Major-label success found a select number of underground rockers in the early ’90s, and Boston’s Lemonheads certainly benefited from the glasnost that revealed irreverent youth pop to be as commercially viable in the new world as anything the grown-up song factories could generate. But Evan Dando’s real achievement was to demonstrate that a scenester as determinedly unmainstream as he, could, via the cute-boy network of Sassy magazine and MTV, be made into a genuine pinup idol — Peter Tork for Generation Slack. To be sure, stranger things have happened — witness the world of Morrissey — but as a Walter Mitty-esque success story, Dando’s ascension from indie-rock’s trenches rates a notation in the inspirational record book.
The Lemonheads’ brief introductory 7-inch contains four raw and restless poppy punk songs, three of which eventually turned up on later albums. With tuneless hardcore tantrums, noisy guitar raunch and pristine power pop, Hate Your Friends is a jarring and frustrating debut LP whose jewels (“Second Chance,” “Don’t Tell Yourself It’s OK,” “Uhhh” and the remarkable Saints soundalike “Fed Up”) luckily manage to outweigh the dross.
As the young quartet continued to do its growing up in public, Creator has more ambitious arrangements, and the influence of such bands as Mission of Burma and the dB’s can be sensed in songs like “Clang Bang Clang” (later redone, on Lovey, as “Left for Dead”) and “Take Her Down.” Unfortunately, a couple of pretty numbers are marred by wretched Hallmark-card sentiments. One neat surprise: a fairly reverent cover of Kiss’ old “Plaster Caster.” (Both albums were later combined on the Create Your Friends CD.)
In 1989, the same year Dando served as the Blake Babies’ bassist, the Lemonheads gained some notoriety with a bracing, off-the-cuff version of Suzanne Vega’s “Luka.” That track (and, on the CD, an effective electrified stab at Patsy Cline’s “Strange”) highlight the split-screen stylings of Lick, which counters almost every clever move (like the appropriation of the All in the Family theme on “7 Powers”) with a misguided dead end (like the trite “Anyway”).
Original bassist Jesse Peretz was on his way to success as a video director; Ben Deily also left, replaced by drummer David Ryan. That left the Lemonheads nothing more than a name and a touring vehicle for Dando, always the group’s creative force and chief songwriter. While the move to a major label did nothing to undercut the Lemonheads, Dando’s sensitive side is very much in evidence on Lovey. The R.E.M.-ish “Half the Time,” BÖC-ish “(The) Door” and Gram Parsons’ “Brass Buttons” reveal a punk kid almost all grown up, with no qualms about expressing his perhaps unfashionable faves/influences. Dando’s lyrical preoccupations may seem a little strange at times: he quotes (and discusses) Charlie Manson on “Ballarat,” offers an ode to pot on the wah-wah workout “Li’l Seed” and embraces true mundanity in “Stove,” a song about getting rid of one. Dando reportedly performed much of Lovey himself. If so, that’s quite an achievement, as it’s a fine, varied collection.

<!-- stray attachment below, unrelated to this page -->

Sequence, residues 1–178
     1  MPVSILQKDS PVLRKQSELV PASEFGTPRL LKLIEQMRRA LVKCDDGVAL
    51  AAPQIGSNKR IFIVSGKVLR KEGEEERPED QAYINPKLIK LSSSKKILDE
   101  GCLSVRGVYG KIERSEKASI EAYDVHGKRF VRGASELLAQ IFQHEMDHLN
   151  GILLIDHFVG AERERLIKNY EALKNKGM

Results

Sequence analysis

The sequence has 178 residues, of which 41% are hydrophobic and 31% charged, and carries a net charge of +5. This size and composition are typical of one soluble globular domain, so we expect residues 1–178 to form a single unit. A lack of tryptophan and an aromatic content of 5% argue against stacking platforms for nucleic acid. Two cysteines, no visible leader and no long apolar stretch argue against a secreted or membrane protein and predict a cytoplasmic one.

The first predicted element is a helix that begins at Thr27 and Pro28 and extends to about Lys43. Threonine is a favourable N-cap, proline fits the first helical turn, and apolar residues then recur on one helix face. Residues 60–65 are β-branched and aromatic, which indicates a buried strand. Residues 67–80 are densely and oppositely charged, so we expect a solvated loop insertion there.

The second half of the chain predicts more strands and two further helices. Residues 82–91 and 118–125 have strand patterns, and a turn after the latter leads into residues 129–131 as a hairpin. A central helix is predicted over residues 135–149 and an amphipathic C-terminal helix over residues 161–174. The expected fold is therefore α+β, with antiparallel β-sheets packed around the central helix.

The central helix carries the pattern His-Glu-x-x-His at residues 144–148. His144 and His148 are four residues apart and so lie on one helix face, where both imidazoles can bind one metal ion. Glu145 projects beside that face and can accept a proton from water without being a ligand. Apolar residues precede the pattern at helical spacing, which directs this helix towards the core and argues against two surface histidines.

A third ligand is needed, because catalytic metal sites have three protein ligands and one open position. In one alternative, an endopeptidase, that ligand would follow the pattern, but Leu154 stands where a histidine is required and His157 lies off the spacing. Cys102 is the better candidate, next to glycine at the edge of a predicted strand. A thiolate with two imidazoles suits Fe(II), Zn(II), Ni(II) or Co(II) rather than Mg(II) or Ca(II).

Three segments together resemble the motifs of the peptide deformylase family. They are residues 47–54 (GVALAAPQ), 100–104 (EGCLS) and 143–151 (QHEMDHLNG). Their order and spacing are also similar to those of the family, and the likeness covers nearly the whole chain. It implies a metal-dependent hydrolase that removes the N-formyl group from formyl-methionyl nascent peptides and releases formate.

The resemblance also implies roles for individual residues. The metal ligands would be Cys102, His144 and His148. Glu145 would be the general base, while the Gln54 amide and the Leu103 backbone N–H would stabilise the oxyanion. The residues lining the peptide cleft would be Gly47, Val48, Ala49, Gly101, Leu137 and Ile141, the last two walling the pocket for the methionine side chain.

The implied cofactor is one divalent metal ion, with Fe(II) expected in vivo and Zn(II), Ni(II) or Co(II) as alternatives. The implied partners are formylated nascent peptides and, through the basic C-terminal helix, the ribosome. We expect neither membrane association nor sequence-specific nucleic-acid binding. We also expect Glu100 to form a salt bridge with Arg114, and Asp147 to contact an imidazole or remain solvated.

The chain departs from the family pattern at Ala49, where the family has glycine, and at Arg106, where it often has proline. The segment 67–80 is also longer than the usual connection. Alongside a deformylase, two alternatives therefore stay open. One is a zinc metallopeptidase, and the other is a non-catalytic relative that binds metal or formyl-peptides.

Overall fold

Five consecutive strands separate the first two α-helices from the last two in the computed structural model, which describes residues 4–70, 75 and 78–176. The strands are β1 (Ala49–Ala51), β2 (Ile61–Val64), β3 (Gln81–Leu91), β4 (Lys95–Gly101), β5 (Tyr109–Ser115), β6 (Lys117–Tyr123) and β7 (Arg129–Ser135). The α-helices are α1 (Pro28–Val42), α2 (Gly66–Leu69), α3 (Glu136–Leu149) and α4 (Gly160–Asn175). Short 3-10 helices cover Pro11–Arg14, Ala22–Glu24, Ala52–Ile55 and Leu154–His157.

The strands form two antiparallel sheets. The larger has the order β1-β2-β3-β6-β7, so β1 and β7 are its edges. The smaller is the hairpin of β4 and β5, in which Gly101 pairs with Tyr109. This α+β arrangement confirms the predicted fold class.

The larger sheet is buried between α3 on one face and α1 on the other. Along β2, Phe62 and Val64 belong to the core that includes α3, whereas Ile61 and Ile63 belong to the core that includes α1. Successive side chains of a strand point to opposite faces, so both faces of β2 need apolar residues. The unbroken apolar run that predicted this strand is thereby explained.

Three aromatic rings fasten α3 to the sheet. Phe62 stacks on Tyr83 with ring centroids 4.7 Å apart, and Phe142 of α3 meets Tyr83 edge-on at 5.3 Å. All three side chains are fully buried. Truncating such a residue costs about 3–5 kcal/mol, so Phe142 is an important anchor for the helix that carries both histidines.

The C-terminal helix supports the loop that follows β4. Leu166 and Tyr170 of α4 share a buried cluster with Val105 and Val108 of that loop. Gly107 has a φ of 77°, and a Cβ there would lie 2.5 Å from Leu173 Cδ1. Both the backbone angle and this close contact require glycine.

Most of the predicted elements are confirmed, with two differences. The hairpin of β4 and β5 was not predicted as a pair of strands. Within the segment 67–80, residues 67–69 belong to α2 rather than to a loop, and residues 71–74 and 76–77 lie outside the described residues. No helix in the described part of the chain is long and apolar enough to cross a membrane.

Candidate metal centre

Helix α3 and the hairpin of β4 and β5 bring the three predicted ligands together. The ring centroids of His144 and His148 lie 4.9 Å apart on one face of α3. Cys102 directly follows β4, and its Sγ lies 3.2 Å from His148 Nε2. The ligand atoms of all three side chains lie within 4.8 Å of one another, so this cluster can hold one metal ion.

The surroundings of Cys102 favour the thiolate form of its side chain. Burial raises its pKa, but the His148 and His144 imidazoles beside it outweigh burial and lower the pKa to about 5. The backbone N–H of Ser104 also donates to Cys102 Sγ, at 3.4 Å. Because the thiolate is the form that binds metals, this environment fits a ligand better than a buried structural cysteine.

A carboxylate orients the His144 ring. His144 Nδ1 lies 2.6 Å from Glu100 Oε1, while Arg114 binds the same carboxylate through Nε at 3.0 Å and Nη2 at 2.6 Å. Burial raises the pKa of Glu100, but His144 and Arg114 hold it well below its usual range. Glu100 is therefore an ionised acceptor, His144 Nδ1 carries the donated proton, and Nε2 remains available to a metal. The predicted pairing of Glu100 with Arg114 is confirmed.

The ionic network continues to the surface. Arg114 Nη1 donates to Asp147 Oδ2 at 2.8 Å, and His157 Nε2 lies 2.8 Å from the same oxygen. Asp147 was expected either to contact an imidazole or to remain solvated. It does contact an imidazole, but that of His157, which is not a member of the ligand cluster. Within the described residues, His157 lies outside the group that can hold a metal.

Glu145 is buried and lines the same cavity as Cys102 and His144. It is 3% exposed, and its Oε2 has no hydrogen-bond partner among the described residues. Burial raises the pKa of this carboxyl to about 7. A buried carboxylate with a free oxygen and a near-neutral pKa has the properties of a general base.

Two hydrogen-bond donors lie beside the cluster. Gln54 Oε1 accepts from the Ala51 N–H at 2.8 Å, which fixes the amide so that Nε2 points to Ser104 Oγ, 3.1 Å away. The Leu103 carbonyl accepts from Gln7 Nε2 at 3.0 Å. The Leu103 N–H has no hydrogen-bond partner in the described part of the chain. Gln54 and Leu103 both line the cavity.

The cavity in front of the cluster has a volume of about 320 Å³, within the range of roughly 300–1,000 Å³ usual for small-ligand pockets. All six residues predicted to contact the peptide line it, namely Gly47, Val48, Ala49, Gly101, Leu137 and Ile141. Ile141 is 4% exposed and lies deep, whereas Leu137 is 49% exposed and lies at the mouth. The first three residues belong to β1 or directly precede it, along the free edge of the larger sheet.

It was another cover, this time of Mike Nesmith’s Linda Ronstadt-sung “Different Drum,” that brought the Lemonheads their next British chart success, served up in 1990 as Favorite Spanish Dishes, along with an acoustic rendition of Lovey‘s “Ride With Me” and Dando’s non-LP “Paint.” America’s Favorite Spanish Dishes adds covers of the Misfits’ “Skulls” and New Kids on the Block’s “Step by Step.”
Cutely titled for the band that originally did its cover song, the British Patience and Prudence EP offers “Half the Time” and “Stove” (enough with the thumb-sucking winsomeness already) from Lovey, plus a non-LP original and P & P’s 1956 hit, “Gonna Get Along Without Ya Now.”
The credits list Juliana Hatfield (bass, backing vocals), David Ryan (drums) and Dando (guitars, vocals), and that’s pretty much what you get for your money on It’s a Shame About Ray. The simple, unambitious and nearly unvarying (except for the pedal steel on “Hannah & Gabi”) album of low-key folk-rock pop — the Ramones channeled by Simon and Garfunkel — is distinctive only for the colorless enervation of Dando’s singing. The dishwater tedium is broken only by a couple of neat melodies and one unnerving lyric. The breezy “Alison’s Starting to Happen,” “Bit Part” (“…in your life”) and the woolly “Ceiling Fan in My Spoon” contain all the brash energy the album can muster and are actually good enough, while the downcast title track taps out the emotionalism in Dando’s reserve. Otherwise, the humalongs are strictly no-stick nothings. What’s memorable is “My Drug Buddy,” a musically nondescript duet with Hatfield that offers a first-person account of scoring. In the just-say-no era, Dando’s casual enthusiasm is shocking, but his inability to express anything clearly or firmly makes the song just another hazy shade of enigma. (The 2008 reissue, part of the Collector’s Edition series, adds an album’s worth of demos and other bonus material as well as a DVD called Two Weeks in Australia.